On June 10th, the Argentine Republic commemorates the date of creation in 1829 of the Military Command of the Malvinas and adjacent Islands to Cape Horn by the Government of the Province of Buenos Aires.
Since its first steps as an Independent Nation, Argentina, in its condition of successor state of the territories in the South Atlantic which had belonged to Spain, exercised its rights permanently, proceeding to enact legislation and establish legal and administrative bodies to consolidate the exercise of its sovereignty, promoting the development of trade, settling population and establishing a local administrative office. The culmination of this process was the issuance of the Decree establishing the Political and Military Command of the Malvinas Islands, that we commemorate on this day, and the appointment of D. Luis Vernet as Commander.
On 3 January 1833, breaking the Argentine territorial integrity, the United Kingdom occupied the Islands and expelled the Argentine inhabitants and authorities, proceeding from then on to exercise an iron grip immigration control and preventing the settlement of Argentine nationals from the Mainland in order to shape a population to the extent of their colonial designs. In more than 180 years, Argentina never consented the British occupation.
December 16th 2015 marks fifty years of the adoption of United Nations General Assembly Resolution 2065 (XX), by which the international community recognized as a whole the existence of the sovereignty dispute and called on the Governments of Argentina and the United Kingdom of Great Britain and Northern Ireland to negotiate without delay in order to find a peaceful solution to the problem. Fifty years have passed and this important mandate was not entirely fulfilled. Fifty years, despite the fact that the United Nations General Assembly and the Special Committee on Decolonization continued to reiterate the claim in more than forty resolutions up to this day.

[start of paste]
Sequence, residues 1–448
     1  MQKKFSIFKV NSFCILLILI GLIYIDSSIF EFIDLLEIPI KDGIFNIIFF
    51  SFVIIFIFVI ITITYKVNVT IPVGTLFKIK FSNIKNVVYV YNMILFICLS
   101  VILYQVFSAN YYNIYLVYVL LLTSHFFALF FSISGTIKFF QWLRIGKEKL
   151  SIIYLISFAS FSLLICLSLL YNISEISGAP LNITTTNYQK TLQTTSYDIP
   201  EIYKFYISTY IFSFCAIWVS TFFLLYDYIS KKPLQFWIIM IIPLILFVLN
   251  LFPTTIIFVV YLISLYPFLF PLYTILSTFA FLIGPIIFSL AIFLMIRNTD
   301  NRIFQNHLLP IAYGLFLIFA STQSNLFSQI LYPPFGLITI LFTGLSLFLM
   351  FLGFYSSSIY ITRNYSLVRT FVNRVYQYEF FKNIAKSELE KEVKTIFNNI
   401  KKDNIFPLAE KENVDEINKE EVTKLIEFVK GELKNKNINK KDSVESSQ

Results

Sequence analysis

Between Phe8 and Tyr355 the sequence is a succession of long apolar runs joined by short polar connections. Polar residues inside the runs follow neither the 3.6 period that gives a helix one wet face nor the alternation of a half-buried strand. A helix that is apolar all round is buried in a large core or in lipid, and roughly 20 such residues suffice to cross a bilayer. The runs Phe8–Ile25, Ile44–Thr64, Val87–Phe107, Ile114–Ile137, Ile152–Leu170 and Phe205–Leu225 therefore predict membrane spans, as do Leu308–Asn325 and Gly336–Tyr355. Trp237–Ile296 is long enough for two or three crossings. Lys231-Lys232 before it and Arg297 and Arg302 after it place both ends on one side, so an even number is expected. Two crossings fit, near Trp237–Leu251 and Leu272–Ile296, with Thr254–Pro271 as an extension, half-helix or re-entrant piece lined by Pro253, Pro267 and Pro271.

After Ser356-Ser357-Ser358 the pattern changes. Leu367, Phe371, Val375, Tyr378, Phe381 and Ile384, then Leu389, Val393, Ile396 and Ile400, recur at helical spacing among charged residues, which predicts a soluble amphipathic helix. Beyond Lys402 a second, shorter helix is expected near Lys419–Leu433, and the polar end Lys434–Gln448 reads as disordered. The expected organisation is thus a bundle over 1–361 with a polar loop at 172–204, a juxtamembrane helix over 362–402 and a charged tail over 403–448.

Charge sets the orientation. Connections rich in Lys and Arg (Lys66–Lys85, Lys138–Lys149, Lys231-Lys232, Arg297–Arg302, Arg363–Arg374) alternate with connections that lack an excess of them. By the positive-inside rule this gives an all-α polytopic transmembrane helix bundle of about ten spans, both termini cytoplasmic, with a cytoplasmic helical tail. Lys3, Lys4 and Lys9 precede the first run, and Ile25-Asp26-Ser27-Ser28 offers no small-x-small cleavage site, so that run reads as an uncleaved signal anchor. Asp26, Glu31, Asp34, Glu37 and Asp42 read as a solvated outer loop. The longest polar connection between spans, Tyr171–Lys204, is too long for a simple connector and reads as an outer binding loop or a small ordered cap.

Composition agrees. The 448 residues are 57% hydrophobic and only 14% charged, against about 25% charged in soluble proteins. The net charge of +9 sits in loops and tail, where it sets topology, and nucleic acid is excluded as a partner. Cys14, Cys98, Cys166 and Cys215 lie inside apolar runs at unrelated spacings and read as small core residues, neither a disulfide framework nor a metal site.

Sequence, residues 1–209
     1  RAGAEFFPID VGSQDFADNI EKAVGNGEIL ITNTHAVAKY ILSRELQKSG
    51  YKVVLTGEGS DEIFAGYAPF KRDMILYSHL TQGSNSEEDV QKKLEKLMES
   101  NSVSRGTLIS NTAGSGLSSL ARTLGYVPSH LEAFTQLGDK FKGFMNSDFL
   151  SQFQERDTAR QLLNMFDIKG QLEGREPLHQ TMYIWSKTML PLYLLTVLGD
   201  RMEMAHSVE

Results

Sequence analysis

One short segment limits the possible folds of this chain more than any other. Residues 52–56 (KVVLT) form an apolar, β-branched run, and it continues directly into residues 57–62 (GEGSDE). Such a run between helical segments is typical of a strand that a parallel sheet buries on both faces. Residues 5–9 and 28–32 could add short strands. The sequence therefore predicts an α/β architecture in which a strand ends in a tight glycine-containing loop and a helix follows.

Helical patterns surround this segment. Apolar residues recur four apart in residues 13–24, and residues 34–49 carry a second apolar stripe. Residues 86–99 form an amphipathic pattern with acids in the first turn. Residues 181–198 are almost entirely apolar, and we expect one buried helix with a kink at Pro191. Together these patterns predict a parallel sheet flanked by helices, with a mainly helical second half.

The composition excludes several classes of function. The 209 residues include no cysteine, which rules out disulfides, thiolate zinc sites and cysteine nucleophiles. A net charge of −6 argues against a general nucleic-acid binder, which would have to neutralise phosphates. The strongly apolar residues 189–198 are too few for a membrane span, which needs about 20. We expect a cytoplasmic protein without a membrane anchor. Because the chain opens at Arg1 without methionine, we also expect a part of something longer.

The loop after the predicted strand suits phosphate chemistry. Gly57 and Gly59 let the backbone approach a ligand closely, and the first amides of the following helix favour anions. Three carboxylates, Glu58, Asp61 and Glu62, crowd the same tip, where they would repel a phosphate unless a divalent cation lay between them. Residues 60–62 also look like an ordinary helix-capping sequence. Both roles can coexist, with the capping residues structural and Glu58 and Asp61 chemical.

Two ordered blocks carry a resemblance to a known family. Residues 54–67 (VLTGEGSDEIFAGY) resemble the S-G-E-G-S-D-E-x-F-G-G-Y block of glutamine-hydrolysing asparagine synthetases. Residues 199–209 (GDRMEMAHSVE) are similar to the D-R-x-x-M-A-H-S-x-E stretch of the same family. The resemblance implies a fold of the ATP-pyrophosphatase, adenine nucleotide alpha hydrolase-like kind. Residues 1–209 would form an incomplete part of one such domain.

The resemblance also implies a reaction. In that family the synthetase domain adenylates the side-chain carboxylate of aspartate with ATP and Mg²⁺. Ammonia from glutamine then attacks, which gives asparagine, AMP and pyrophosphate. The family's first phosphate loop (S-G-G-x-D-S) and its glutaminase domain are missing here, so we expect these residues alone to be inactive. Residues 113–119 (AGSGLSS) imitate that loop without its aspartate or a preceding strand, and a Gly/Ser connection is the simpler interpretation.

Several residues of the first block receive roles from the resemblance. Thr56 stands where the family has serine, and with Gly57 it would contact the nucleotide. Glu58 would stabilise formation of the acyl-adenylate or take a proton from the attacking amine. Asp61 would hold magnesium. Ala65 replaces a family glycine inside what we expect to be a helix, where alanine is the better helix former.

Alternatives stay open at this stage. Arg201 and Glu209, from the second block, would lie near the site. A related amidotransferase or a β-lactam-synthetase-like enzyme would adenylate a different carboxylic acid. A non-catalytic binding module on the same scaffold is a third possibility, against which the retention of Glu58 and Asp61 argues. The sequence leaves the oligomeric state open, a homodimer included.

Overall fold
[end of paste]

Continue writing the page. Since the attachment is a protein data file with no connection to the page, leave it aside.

The Argentine stance counts on with a wide international support. Latin America and the Caribbean strongly endorse our legitimate rights over the Malvinas, South Georgias and South Sandwich Islands and the Surrounding Maritime Areas. This support extends to counties from other regions, such as the 54 African Nations, which in 2013 signed the Malabo (Equatorial Guinea) Declaration whereas they recognized the Argentine sovereignty rights.
Furthermore, numerous organizations and international fora urge Argentina and the UK to resume negations in order to find a peaceful and definitive solution to the sovereign dispute; among them, the United Nations Organization, the Organization of the American States, the Group of the 77 and China, the Ibero-American Summit and the South-American Arab countries Summit (SAAC).
Notwithstanding the time elapsed and the countless invitations to dialogue by the Argentine Republic, the United Kingdom refuses to resume sovereignty negotiations. Negotiations in fulfillment of the United Nations Resolution 2065 (XX) were carried out for two decades, and within its framework the parties considered different alternatives to solve the dispute.
The refusal to dialogue conceals an unjustified British military presence in the South Atlantic, which have resulted in a growing concern of the international community, as it has been expressed by several regional and bi-regional fora, as well as by countries of our sub-region, which have pointed out that the presence of an extra regional power in the Malvinas Islands affects adversely the South Atlantic as a Zone of Peace and Cooperation and constitutes a potential threat.